By about 3.00pm the rain had stopped, and the sun came out later.  The evening was a little cooler, but today the temperature is back to 31C.  The forecast doesn't show any significant reduction of temperatures for the next ten days - but then the forecast didn't predict over an hour of rain yesterday.   

Tuesday, July 30, 2019

Photobooks on Photobox

I have always liked photographs. As long back as I can remember, anyway. I was given my first camera when I was seven. I took photos on holidays with my little Instamatic. At some point I was given my grandfather's old 35mm camera.

In my teens, I took photos at school; I embarrassed friends by taking photos at parties. I was absolutely thrilled with the gift of a negative album and half a dozen photo albums when I was about fourteen. I organised and annotated some of my pictures; I stored my negatives carefully, with dates, names and places.

I suppose it's because I'm not at all a visual person that I like looking at photos. I can't picture anything clearly in my head, with my eyes closed. So I rely on photos to remind me of scenes in the past, and people I have known. My parents had a darkroom in the house I grew up in, and I loved seeing the pictures emerging after developing the films, and then processing the images.

In the early 1980s, colour films dropped in price, and it was possible to send films to be processed, at a cost that was rather less than that of buying new chemicals for the darkroom. I was newly married, at university and then out at work, with a house that needed a lot of repair work and redecoration. So I appreciated the saving in time, too. I was much less disciplined about organising negatives - they came in nice little sleeves anyway - but I bought new slip-in albums and kept more-or-less up-to-date with the photos.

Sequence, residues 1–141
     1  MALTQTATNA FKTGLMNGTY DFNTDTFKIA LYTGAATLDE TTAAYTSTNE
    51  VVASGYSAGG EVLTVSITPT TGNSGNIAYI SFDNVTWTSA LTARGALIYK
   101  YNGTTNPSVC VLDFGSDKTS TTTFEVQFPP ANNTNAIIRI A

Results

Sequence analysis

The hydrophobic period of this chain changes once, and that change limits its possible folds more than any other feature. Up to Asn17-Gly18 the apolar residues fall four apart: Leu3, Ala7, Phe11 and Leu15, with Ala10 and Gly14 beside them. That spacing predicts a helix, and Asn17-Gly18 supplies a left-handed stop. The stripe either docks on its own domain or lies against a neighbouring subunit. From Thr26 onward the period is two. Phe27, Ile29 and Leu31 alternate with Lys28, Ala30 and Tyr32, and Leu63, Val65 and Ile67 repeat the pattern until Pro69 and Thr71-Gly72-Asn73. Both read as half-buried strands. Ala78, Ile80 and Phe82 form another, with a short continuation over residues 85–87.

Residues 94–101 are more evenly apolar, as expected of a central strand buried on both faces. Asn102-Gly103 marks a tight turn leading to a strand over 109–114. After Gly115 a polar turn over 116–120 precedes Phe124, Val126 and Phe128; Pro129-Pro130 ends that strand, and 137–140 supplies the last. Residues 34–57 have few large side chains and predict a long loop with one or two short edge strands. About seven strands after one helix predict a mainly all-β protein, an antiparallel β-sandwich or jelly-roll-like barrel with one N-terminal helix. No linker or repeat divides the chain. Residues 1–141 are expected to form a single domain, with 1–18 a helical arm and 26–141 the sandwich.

In 2005, we moved from analogue film to digital photos. But I still ordered prints. It was more economical and far more efficient - I could take as many photos as I wanted, choose the best ones, and order just those.  I didn't get them locally; I uploaded them to one of the online photo processing places; originally Kodak Gallery (which closed some years ago), and then the excellent Photobox site.

The number of albums kept growing. It was proving more difficult to find suitable new albums, however.  And I was running out of space:


Back in 2010, I had managed to make a digital 'photobook' at Kodak Gallery online. It was our thirtieth wedding anniversary, and I wanted to make a memento. I scanned some of my favourite photos over the years, which I uploaded, then the site took me through the steps of creating a hardback book.  There were several different formats offered for each page - I could place just a single picture, or four, or nine... I experimented with the options, and we were very pleased with the eventual result:


I had wondered, more than once, about making more photobooks.  The Photobox site offered them, but they seemed extremely expensive.  However, they regularly sent me emails of special offers:  50% off everything on the site;  60% off photobooks;  extra pages free with photobooks; - I never knew what was coming next, but tried to take advantage of special offers with the prints I was ordering.